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Control Accounts. A control account is so called because it controls a section of the ledger. By control it’s meant that the balance on the control account should equal the total of the balances in the section of the ledger it’s controlling. Examples of control accounts include:
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A control account is so called because it controls a section of the ledger. By control it’s meant that the balance on the control account should equal the total of the balances in the section of the ledger it’s controlling.
Examples of control accounts include: The sales ledger control account, which summarises the individual customer accounts, i.e. debtors’ accounts. The purchases ledger control account, which summarises the individual suppliers’ accounts, i.e. creditors’ accounts.
Where a business operates control accounts, the control account forms part of the double-entry system. The individual accounts, in the sales or purchases ledger, then act as subsidiary or memorandum accounts. Control accounts are kept in the general ledger, not in the ledger they are controlling.
Purposes of control accounts Localising errors Help locate errors, as the control account balance should equal the total of balances from schedule of debtors or creditors, therefore easier to locate. Control accounts allow errors to be confined to relatively small areas in the books and accounts. Helps prevent fraudThey provide an independent check:control accounts are completed by a different member of staff than the individual ledger accounts.
Calculating debtors’ and creditors’ totalsThe total amount owed by debtors and owed to creditors, can be determined relatively quickly if control accounts are used. Provide totals for compiling final accountsControl accounts can be used to compile the profit and loss account and balance sheet.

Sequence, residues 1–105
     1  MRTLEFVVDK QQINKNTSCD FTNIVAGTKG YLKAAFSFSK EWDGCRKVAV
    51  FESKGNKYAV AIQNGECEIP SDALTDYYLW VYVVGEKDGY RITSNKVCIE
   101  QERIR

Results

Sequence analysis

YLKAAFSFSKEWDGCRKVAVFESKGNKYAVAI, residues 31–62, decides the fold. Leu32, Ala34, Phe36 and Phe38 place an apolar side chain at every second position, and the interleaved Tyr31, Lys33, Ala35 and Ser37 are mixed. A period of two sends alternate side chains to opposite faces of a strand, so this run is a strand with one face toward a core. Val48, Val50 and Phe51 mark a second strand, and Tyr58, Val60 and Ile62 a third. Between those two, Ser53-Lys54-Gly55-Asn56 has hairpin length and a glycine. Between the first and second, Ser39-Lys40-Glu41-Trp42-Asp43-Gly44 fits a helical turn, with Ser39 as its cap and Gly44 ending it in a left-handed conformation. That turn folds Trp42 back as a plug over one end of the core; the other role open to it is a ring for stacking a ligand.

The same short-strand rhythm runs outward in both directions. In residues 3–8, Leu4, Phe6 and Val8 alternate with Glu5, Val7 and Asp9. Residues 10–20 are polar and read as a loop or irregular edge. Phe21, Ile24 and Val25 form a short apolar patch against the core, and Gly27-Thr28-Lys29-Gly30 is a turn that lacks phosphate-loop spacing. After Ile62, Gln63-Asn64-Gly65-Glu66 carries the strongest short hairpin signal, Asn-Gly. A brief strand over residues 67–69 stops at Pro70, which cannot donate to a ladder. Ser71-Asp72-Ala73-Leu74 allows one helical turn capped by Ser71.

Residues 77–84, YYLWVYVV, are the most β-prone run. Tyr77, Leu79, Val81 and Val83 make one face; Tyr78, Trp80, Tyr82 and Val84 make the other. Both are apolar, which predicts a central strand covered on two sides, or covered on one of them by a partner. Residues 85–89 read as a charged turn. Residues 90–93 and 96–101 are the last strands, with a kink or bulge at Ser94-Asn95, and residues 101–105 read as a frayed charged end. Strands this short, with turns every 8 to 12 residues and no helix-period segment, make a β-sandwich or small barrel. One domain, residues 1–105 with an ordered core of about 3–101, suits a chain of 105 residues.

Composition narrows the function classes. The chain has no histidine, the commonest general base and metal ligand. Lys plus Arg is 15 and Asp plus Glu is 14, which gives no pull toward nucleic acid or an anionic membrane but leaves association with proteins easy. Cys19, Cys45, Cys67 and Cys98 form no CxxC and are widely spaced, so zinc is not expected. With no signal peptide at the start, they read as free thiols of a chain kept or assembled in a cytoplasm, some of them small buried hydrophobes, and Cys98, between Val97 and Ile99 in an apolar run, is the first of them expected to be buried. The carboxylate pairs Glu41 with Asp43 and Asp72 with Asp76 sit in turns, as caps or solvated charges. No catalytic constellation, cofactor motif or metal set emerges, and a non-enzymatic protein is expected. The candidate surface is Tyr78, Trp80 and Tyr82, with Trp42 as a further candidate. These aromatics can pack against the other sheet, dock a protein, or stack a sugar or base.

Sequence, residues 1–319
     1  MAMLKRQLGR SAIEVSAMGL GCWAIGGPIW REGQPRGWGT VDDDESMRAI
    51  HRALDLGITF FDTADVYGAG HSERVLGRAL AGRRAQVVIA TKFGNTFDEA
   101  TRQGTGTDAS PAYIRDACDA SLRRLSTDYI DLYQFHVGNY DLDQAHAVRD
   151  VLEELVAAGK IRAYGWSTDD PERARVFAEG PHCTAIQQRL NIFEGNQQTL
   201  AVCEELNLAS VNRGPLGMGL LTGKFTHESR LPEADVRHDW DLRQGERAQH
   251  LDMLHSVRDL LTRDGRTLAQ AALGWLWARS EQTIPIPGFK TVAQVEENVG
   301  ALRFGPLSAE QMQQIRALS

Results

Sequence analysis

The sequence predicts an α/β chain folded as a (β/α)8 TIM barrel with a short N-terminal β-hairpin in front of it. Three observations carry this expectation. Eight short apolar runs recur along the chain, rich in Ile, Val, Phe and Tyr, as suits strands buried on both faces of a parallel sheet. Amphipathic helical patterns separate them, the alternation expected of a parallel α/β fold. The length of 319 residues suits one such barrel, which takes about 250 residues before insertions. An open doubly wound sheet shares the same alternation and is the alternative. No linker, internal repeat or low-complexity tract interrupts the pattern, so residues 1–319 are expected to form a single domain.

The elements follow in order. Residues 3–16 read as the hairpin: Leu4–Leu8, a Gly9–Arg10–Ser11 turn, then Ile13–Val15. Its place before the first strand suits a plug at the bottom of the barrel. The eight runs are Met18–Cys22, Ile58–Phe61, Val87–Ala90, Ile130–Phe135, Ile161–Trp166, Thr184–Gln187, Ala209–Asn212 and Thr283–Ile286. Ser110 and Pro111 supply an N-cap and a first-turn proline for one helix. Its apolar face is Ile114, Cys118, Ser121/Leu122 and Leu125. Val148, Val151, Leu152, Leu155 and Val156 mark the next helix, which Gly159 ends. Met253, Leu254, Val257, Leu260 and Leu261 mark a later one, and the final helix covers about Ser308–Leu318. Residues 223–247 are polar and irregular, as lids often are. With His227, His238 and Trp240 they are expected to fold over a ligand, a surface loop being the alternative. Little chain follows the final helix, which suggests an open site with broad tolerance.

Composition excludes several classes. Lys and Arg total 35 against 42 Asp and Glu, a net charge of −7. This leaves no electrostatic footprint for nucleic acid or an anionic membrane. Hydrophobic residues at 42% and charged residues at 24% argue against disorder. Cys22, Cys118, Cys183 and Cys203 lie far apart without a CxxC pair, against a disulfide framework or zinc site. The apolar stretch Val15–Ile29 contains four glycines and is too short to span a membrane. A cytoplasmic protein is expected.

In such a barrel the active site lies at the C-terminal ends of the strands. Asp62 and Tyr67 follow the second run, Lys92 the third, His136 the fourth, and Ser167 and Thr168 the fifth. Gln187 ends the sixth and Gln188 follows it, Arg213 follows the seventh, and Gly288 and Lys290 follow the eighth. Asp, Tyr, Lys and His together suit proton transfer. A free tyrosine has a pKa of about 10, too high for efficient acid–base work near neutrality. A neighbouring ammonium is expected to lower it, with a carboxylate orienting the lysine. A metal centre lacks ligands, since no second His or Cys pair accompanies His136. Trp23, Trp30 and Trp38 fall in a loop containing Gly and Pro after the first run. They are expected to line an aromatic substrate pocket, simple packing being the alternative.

Goods sold to: Smith £500, Jones £550, Walker £400 and Thomas £50. Smith returned goods to the value of £50 and Jones £40. Thomas’s debt was written off as a bad debt. Smith and Walker made payments of £294 and £196 after being allowed a cash discount. Follow the entries in the double-entry accounts on the next slide. Example of a sales ledger control account
General Ledger Sales Ledger Cash Book
The balance from the individual accounts in the sales ledger should equal the balance in the sales ledger control account.
The purchases ledger control account is sometimes known as the creditors’ control account. It is used to control the purchases ledger, which controls the accounts of the individual suppliers who supply goods on credit. The purchases ledger control account
The information needed to prepare the purchases ledger control account comes from the books of prime entry. For example, the total value of purchases comes from the purchases journal.
Set-off entries or contra entries arise if a business sells goods to, and also buys goods from the same trader. For example We sell P Claire goods valued at £300. We also purchase goods valued at £400 from P Claire. The accounts in the ledgers would appear as follows: Set-off/contra entries
Sales ledger P Claire Sales 300 Set-off purchases 300 Purchases ledger P Claire Set-off sales 300 Purchases 400 Bank 100 400 400 Set-off/contra entries
Opening debtors – List of debtors’ balances drawn up at the end of the previous period Credit sales – Total from the sales journal Sales returns – Total from the sales returns journal Cheques/cash received from debtors – Cash book Discounts allowed – Cash book Bad debts – Journal Closing debtors – List of debtors’ balances drawn up at the end of the period Sources of information:sales ledger control account
Opening creditors – List of creditors’ balances drawn up at the end of the previous period. Credit purchases – Total from purchases journal Purchases returns – Total from purchases returns journal Cheques/cash paid to creditors – Cash book Discounts received – Cash book Closing creditors – List of creditors’ balances drawn up at the end of the period Sources of information: purchases ledger control account
The opening balance on the sales ledger control account is normally on the debit side. It is possible for an individual credit customer to end up with a credit balance. Credit balance in the sales ledger
For example Ruth sells £700 of goods to John on 2 April. On 18 April John sends a cheque for £700 to Ruth. On 24 April John returns £250 of the goods to Ruth as they are unsuitable. Credit balance in the sales ledger
John’s account We can see therefore that John now has a credit balance on his account. When we draw up the control account this is shown as a separate balance b/d.
Don’t forget contra entries appear in both the sales ledger control account and the purchases ledger control account. Tips